Shailene Woodley stars in the movie adaptation of John Green's best-selling young adult novel, "The Fault in Our Stars." In the role of a lifetime, Woodley plays Hazel, a 16-year-old struggling with terminal cancer. This poignant, heartrending and incredibly funny movie shows Woodley at her best. The role is challenging, and Woodley plays it to perfection.
Directed by Josh Boone, "The Fault in Our Stars" is a perfect combination of tragic, yet infinitely likable characters, navigating through the difficult waters of growing up while also managing larger existential issues.
"The Fault in Our Stars" is a romantic comedy-drama about two teenage cancer patients who fall in love. Hazel, played by Woodley, is suffering from Stage 4 cancer and being kept alive by an experimental drug. She meets Gus (played by Ansel Elgort), whose cancer is in remission, at a support group for children with cancer. Despite their very different personalities, the chemistry between them is immediate.
Hazel Grace Lancaster
As a character, Hazel is extremely complex. She is an only child and is very close to her parents. She graduated early from high school and has little to do with other teenagers. She is extremely witty, a bit introverted and unconcerned with pop culture.
Hazel's illness separates her from other people. She knows that her condition is terminal, and she chooses to distance herself from others in order to minimize the impact her death will have. Hazel's parents insist that she attend the support group meetings because they think she is depressed. When she meets Gus, she responds to him immediately, but does not allow herself to get close to him. She attempts to ignore her feelings for Gus.
In contrast, Gus is extremely charismatic and outgoing. He carries himself with attractive self-assurance. He is very direct about his feelings for Hazel.
Eventually, Hazel gives into the feelings she has for Gus. They bond through the experience of cancer, as well as shared interests. They can joke about the outward signs of their ill health — Hazel's oxygen tank and Gus' prosthetic leg.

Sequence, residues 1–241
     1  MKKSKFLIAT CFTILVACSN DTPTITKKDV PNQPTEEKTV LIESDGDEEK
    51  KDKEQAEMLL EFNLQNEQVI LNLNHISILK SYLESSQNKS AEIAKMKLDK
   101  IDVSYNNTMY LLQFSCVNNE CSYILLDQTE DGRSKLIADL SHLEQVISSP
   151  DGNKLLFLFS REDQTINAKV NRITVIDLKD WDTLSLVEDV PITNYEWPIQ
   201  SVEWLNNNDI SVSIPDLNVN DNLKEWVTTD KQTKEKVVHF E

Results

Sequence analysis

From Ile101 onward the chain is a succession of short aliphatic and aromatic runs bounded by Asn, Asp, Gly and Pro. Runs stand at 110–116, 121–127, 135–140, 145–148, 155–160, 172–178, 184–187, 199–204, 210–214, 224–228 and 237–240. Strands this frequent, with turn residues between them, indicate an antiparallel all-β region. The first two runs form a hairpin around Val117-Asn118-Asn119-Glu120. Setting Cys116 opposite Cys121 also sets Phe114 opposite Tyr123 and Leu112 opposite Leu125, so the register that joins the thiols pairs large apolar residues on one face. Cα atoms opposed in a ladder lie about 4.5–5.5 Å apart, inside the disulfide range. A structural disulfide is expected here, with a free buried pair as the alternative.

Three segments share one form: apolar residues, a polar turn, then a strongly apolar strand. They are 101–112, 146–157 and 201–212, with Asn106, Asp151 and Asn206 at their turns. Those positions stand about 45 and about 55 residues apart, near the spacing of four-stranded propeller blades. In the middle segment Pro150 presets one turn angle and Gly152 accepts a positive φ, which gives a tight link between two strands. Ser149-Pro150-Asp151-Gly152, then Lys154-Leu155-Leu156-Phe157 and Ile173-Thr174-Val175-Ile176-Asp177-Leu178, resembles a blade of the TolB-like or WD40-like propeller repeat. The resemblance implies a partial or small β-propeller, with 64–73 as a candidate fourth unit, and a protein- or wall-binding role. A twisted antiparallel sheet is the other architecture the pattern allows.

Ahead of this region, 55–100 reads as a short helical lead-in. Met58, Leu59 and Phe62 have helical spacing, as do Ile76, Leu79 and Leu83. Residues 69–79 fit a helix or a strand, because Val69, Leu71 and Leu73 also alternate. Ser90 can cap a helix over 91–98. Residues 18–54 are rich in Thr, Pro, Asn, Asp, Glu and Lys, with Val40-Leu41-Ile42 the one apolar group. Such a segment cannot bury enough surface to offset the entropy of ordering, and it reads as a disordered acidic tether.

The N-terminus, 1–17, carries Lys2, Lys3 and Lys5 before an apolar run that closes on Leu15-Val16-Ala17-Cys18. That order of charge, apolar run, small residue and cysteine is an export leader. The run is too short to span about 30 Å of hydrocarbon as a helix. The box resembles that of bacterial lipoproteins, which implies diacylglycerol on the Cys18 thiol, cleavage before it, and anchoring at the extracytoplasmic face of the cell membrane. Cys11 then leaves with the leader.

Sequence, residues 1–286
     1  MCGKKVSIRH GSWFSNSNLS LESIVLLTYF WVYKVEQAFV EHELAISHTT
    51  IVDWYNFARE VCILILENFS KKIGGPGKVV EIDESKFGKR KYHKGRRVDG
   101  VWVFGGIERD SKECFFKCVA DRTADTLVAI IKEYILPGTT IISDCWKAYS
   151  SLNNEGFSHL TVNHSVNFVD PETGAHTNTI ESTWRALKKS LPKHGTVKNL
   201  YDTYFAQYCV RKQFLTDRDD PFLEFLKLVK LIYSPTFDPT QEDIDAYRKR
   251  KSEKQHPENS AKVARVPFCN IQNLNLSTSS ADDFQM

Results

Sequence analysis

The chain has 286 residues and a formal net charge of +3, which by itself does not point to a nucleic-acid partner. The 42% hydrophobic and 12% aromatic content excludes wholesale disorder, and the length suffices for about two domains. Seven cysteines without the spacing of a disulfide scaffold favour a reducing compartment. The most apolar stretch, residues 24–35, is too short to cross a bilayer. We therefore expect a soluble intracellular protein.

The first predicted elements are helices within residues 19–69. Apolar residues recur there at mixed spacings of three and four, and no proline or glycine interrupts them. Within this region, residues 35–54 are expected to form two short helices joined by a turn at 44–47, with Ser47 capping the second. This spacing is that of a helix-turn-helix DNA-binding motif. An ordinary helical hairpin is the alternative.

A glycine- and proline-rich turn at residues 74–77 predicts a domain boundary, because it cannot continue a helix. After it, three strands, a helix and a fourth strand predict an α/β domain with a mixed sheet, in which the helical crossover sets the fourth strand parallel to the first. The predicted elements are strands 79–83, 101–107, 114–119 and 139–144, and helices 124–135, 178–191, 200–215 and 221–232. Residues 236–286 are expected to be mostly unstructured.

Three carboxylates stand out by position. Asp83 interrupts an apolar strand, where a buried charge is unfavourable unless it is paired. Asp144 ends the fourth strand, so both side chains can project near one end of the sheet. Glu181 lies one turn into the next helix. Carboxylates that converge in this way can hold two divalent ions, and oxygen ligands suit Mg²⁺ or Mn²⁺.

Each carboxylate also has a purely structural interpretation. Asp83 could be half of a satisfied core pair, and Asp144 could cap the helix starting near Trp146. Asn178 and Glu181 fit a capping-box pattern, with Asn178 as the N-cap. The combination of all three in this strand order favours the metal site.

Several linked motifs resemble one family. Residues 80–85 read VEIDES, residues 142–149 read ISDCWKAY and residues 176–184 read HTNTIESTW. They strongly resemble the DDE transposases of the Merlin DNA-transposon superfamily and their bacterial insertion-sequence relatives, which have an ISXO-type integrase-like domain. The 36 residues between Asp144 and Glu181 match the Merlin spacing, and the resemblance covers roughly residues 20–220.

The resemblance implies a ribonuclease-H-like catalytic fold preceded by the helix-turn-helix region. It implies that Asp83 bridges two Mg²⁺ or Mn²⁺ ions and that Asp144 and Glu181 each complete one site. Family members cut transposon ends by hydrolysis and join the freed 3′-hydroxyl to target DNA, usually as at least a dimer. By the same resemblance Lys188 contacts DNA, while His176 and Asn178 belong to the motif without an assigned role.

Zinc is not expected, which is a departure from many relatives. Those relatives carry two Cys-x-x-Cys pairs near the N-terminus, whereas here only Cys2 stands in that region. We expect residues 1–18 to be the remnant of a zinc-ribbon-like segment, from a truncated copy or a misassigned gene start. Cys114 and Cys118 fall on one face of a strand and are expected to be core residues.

Far from being a sign of coldness, Hazel's reluctance to get close to anyone is a sign of enormous emotional maturity. However, it also blocks her from experiencing the limited time she has left. Gus pulls her out into the world and forces her to experience life. He adds excitement to her life and teaches her make every moment memorable.
Shailene Woodley is lovely as Hazel. The fact that Woodley is several years older than the character she plays works to her advantage. She pulls off the teenage angst combined with the wisdom that comes from living with a terminal illness.
Woodley was most recently seen in the film adaptation of Veronica Roth's "Divergent." After playing the tough character, Tris, in the action film, she neatly transitioned to the thoughtful and delicate Hazel. Her short haircut gives her a gamine look that is just right for this role. She is cute and likeable and thoroughly believable.
Woodley is best-known for her role as teenage mother Amy Juergens on ABC Family's "The Secret Life of the American Teenager." She won the Independent Spirit Award and was nominated for a Golden Globe for best supporting actress for her role in 2011's "The Descendants" with George Clooney.
Woodley is perfectly paired with Elgort (who played her brother in "Divergent"). He embodies the charm, wit and good looks that every teenage girl wants in a first boyfriend, combined with the higher thinking of someone exposed to the grim realities of life.
Woodley and Elgort look good together and seem to enjoy each other's company. Their on-screen chemistry appears to be very natural. The characters that they are tackling are extremely powerful and require a tremendous amount of emotional effort to portray effectively. Woodley and Elgort do a wonderful job.
In this movie, Shailene Woodley returns to the kind of acting that gained her attention for "The Descendants." Her approach to the role of Hazel is subtle and simple. She does not try to make her perfect, and the viewer can see Hazel becoming increasingly vibrant inside, even as her physical self continues to deteriorate.
"The Fault in Our Stars" is both heartwarming and heartrending at the same time. An intensely character-driven film, the relationship between Hazel and Gus is unconventional and yet utterly believable. Shailene Woodley and Ansel Elgort do a fantastic job of portraying these two characters. They have the audience rooting for them, individually and as a couple, from the very beginning.